Tonight is the opening of Gran Fury: Read My Lips at 80WSE Windows Gallery in New York. The exhibit is a collection of the art group Gran Fury's ground breaking, attention-grabbing murals and images which were sprawled across buses, billboards, T-shirts, and subway platforms all over the U.S.
Mainly produced between 1987 to 1995, Gran Fury's work unabashedly brought public attention to the AIDS crisis that was in its darkest hour. Organized and determined, the blueprint of their demonstrations and protests can be felt today with the Occupy Wall Street movement. The spirit of fight and resistance is captured in the authentic reproductions of Gran Fury's work, tirelessly recreated under the leadership of Fury founding members Thomas Kalin and John Lindell.
"The U.S. Government considers the 47,524 dead from AIDS expendable. Aren't the 'right' people dying? Is this medical apartheid?" asks a mural, one of the many which aimed criticism at power structures in society. Unafraid to attack directly the U.S. government, religious institutions like the Catholic Church, and mainstream media (The Times is depicted in one piece as The New York Crimes), Gran Fury pushed the envelope in a way that no one else was willing to.
What makes their work so special and provocative is not just the messages and images they portrayed, but the locations they chose to do so. The height of the AIDS epidemic was an intolerant time for victims as well as all LGBT people, who were viewed fearfully as potential carriers. There was so much misinformation about how the disease was spread and prevented, and this campaign forced the public to become aware and open its collective eyes. One of Gran Fury's most visible projects was "Kissing Doesn't Kill," which portrayed couples of various gender and racial combinations kissing in an effort to show the beauty and safety of a simple kiss. In Chicago residents destroyed all of the images.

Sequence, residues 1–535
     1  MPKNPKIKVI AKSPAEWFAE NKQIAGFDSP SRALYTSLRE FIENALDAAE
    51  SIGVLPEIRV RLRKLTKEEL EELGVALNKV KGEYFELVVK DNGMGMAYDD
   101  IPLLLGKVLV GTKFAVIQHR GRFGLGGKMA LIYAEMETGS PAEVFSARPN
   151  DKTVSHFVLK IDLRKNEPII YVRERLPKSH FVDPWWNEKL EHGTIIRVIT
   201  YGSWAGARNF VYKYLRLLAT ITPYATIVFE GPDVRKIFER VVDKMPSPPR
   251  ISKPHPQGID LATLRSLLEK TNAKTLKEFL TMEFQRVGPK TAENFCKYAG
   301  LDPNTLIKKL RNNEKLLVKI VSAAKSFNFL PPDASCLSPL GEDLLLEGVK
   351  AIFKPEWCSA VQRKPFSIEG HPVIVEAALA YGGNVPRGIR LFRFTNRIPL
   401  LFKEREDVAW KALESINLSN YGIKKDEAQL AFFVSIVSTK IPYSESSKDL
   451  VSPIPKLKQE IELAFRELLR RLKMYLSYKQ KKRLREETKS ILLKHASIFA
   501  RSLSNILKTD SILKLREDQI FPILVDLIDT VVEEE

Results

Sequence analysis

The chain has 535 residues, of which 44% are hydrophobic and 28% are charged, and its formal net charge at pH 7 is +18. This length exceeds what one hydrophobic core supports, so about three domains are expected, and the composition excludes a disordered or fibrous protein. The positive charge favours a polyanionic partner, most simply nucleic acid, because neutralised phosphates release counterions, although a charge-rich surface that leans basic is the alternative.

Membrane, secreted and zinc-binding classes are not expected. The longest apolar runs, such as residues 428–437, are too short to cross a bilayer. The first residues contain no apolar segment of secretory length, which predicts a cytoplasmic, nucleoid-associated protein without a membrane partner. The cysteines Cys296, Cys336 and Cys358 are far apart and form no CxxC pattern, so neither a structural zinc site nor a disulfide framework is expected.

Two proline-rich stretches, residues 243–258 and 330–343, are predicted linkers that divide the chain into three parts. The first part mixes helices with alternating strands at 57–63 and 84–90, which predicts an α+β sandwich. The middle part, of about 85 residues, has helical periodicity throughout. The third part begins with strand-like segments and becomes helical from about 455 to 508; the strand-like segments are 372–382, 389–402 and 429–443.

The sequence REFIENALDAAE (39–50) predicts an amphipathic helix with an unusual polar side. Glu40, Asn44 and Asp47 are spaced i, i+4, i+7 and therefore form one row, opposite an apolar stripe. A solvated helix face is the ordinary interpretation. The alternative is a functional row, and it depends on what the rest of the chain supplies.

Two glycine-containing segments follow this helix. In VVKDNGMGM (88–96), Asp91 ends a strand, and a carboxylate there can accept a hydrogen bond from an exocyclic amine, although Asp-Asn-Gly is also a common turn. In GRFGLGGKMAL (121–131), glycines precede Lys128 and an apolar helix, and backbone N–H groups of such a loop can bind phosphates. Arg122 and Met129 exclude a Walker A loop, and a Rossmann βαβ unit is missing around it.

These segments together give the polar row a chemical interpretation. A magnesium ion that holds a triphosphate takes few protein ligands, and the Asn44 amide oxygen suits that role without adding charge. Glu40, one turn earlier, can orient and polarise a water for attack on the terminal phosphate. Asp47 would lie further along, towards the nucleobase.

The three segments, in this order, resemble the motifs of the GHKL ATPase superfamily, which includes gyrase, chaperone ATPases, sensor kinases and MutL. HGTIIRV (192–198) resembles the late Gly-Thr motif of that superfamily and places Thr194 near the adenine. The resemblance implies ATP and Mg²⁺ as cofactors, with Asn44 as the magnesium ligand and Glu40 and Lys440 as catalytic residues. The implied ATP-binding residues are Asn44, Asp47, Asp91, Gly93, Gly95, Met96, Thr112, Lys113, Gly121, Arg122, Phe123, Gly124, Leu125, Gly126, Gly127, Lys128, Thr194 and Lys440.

While the group met with hostility head on, there was support from unexpected places as well. After widely distributing a photo of two sailors kissing and exposed from the waist down, Gran Fury received a call from one of the men in the picture. Mike Cohen, the curator of the gallery exhibition, explains that while they were initially concerned about an impending lawsuit, the man was excited at the thought the pictures he had taken with his boyfriend years before could be used to benefit awareness of HIV.
In addition to reproductions of the artwork which trailblazed in the 1980s and '90s, and video footage of PSAs that will be included with outtakes, the exhibition will feature an incredible, new, never-before-seen work. The display is a 25-foot structure in the gallery windows visible from next-door Washington Square Park. This work will contrast side-by-side imagery of AIDS activists working on the front lines with anti-gay protesters displaying their hateful rhetoric. This promises to be one of the most emotional parts of the show. Intense emotions of anger, fear and violation brim over into a battle both ideological and corporeal which is on full display, and Gran Fury's mastery gives this a focused power.
Cohen tells us that the excitement at NYU's Steinhardt Art School is palpable. The anticipation and passion for this exhibit is on par with the high level of emotion the subject matter provokes. Cohen goes so far as to say that the show will be among the best the school has produced, and the growing interest from the surrounding community can be felt in the air. One of the primary reasons why Gran Fury was willing to put this show together is that another part of the project involves an upcoming workshop. Fifteen NYU students will collaborate with Gran Fury and five members from the Village Lesbian, Gay, Bisexual and Transgender Center to create activist artwork that reflects on "the contemporary relationship of art and politics." The products of this workshop will be presented to the public in March at the Village LGBT Center.
This event offers the chance to see Gran Fury's timeless and powerful body of work, assembled together for the first time.